Written by Sherry
Saturday, 22 March 2008 12:08
Fr. Cantalamessa's homily for the liturgy of Good Friday at St. Peter's (with Pope Benedict celebrating, of course) was about Christian unity. A most interesting topic in light of the many discussions here and around St. Blog's about Catholic identity.
Here are some highlights:
The Holy Father recalled this in a homily he gave on Jan. 25 in the Basilica of Saint Paul Outside the Walls at the end of Christian Unity Week: "Unity with God and our brothers and sisters," he wrote, "is a gift that comes from on high, which flows from the communion of love between Father, Son and Holy Spirit in which it is increased and perfected. It is not in our power to decide when or how this unity will be fully achieved. Only God can do it! Like St Paul, let us also place our hope and trust 'in the grace of God which is with us.'"
Today as well, the Holy Spirit will be the one to lead us into unity, if we let him guide us. How was it that the Holy Spirit brought about the first fundamental unity of the Church, that between Jews and pagans? The Holy Spirit descends upon Cornelius and his whole household in the same way in which he descended upon the apostles at Pentecost. So, Peter only needed to draw the conclusion: "If then God gave them the same gift he gave to us when we came to believe in the Lord Jesus Christ, who was I to be able to hinder God?" (Acts 11:17).
For a century now, we have seen the same thing repeat itself before our eyes on a global scale. God has poured out the Holy Spirit in a new and unusual way upon millions of believers from every Christian denomination and, so that there would be no doubts about his intentions, he poured out the Spirit with the same manifestations. Is this not a sign that the Spirit moves us to recognize each other as disciples of Christ and work toward unity?
It is true that this spiritual and charismatic unity is not enough by itself. We see this already at the beginning of the Church. The newly formed unity between Jews and Gentiles was immediately threatened by schism. In the so-called Council of Jerusalem there was a "long discussion" and at the end an agreement was reached and announced to the Church with the formula: "It is the decision of the Holy Spirit and of us..." (Acts 15:28). The Holy Spirit works, therefore, also through another way, which is that of patient exchange, dialogue and even compromise between the different sides, when the essentials of the faith are not in play. He works through human "structures" and the "offices" put in action by Jesus, above all the apostolic and petrine office. It is that which today we call doctrinal and institutional ecumenism.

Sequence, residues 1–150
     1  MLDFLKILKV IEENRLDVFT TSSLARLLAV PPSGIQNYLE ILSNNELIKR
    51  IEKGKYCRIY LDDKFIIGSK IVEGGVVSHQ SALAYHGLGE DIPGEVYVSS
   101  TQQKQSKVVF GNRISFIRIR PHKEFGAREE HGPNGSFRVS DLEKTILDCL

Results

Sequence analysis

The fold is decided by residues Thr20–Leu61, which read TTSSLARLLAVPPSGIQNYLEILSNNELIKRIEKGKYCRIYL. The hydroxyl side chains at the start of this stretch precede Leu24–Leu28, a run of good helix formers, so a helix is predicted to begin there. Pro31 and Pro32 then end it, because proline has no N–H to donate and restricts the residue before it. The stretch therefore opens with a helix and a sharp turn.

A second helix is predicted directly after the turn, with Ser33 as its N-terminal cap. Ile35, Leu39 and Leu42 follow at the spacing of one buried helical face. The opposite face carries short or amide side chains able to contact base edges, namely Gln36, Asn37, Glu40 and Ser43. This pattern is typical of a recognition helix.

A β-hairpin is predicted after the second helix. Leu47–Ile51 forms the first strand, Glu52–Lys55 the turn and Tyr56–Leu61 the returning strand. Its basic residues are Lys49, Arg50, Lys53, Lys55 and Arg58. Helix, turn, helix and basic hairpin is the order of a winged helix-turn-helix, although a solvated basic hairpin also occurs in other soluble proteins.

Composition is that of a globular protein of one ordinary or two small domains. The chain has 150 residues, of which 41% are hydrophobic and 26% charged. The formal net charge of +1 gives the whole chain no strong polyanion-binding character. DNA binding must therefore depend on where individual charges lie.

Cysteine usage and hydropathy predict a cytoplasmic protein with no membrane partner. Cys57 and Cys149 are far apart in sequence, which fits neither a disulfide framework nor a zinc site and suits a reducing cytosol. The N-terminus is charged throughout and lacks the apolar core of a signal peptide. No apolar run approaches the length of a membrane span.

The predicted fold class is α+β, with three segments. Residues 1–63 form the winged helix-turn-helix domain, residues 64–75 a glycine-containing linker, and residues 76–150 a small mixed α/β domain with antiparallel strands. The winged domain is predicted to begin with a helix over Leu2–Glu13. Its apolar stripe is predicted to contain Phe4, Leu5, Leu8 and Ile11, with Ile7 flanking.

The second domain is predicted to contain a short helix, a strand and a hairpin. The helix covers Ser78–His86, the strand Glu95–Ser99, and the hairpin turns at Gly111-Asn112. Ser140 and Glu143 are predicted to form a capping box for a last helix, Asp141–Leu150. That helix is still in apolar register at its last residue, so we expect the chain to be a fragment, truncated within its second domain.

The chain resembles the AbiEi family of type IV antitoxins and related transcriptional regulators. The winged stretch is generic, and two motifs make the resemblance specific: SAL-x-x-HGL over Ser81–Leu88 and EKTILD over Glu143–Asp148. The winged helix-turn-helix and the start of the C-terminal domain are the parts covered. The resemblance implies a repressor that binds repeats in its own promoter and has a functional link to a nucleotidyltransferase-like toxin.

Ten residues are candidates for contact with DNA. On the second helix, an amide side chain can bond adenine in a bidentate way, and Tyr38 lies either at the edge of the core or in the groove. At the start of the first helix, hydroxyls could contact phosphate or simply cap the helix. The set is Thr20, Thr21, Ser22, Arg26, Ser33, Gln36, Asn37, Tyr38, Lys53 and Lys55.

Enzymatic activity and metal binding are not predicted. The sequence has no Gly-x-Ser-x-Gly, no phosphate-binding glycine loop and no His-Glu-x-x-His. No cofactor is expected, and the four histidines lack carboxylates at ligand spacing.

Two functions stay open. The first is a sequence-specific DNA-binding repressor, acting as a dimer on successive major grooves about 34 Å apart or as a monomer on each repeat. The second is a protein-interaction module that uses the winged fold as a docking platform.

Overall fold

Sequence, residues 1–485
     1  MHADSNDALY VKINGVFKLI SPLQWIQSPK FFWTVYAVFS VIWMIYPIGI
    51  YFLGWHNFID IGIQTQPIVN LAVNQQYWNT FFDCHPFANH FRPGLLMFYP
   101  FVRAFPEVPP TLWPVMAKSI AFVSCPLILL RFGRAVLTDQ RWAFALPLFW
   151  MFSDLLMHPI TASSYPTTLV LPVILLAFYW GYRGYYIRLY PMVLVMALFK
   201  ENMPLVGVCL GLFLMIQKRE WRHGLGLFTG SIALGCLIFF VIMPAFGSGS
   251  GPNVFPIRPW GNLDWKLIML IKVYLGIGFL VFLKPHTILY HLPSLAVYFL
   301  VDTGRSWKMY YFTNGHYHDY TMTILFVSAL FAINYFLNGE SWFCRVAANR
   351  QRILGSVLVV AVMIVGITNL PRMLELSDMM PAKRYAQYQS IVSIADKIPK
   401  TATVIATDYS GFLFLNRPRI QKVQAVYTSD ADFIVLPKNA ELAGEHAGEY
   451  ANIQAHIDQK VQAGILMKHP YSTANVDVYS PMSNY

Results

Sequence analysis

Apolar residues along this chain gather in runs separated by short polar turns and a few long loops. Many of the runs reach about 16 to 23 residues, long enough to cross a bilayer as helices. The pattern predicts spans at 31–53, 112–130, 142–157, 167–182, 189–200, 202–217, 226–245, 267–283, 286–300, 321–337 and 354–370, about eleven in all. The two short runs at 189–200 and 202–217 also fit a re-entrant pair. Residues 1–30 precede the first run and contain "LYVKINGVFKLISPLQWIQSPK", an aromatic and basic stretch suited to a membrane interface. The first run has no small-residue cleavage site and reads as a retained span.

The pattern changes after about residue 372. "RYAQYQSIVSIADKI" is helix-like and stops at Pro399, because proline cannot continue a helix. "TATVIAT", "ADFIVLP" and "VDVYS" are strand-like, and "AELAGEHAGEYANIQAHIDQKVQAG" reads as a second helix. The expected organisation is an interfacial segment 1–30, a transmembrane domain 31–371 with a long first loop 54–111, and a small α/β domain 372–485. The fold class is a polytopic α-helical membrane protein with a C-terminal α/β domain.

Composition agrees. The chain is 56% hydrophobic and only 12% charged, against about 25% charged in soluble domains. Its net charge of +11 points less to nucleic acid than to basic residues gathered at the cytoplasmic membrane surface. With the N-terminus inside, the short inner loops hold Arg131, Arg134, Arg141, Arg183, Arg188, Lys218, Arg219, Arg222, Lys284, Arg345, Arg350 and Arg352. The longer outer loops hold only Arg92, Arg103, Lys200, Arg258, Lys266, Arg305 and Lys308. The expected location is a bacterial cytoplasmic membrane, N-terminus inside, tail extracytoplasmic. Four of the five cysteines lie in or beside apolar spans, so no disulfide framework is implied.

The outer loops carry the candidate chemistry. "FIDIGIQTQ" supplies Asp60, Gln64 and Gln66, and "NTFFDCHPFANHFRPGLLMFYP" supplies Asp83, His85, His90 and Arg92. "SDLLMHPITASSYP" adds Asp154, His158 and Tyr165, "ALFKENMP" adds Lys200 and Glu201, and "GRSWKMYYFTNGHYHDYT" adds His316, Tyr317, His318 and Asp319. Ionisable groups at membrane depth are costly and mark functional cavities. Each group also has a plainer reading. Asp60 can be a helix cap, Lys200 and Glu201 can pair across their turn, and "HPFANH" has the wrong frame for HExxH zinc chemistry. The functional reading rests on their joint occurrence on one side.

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However, experience is convincing us that even this doctrinal ecumenism is not sufficient and does not advance matters if it is not also accompanied by a foundational spiritual ecumenism.
The extraordinary thing about this way to unity based on love is that it is already now wide open before us. We cannot be hasty in regard to doctrine because differences exist and must be resolved with patience in the appropriate contexts. We can instead "be hasty" in charity and already be united in that sense now. The true, certain sign of the coming of the Spirit, St. Augustine writes, is not speaking in tongues, but it is the love of unity: "Know that you have the Holy Spirit when you allow your heart to adhere to unity through sincere charity."
One thing must move us forward on this journey. What is in play at the beginning of the third millennium, is not the same as what was in play at the beginning of the second millennium, when there was the separation of East and West; nor is it the same as what was in play in the middle of the same millennium when there was the separation of Catholics and Protestants. Can we say that the way the Holy Spirit proceeds from the Father or how justification of the sinner comes about are the problems that impassion the men of today and with which the Christian faith stands or falls? The world has moved beyond us and we remain fixed by problems and formulas that the world does not even know the meaning of.
From this we see that today there are two possible ecumenisms: an ecumenism of faith and an ecumenism of incredulity; one that unites all those who believe that Jesus is the Son of God, that God is Father, Son and Holy Spirit, and that Christ died to save all humankind, and an ecumenism that unites all those who, in deference to the Nicene Creed, continue to proclaim these formulas but empty them of their content. It is an ecumenism in which, in its extreme form, everyone believes the same things because no one any longer believes anything, in the sense that "believing" has in the New Testament.
"Who is it that overcomes the world," John writes in his first letter, "if not those who believe that Jesus is the Son of God?" (1John 5:5). Sticking with this criterion, the fundamental distinction among Christians is not between Catholics, Orthodox and Protestants, but between those who believe that Christ is the Son of God and those who do not believe this.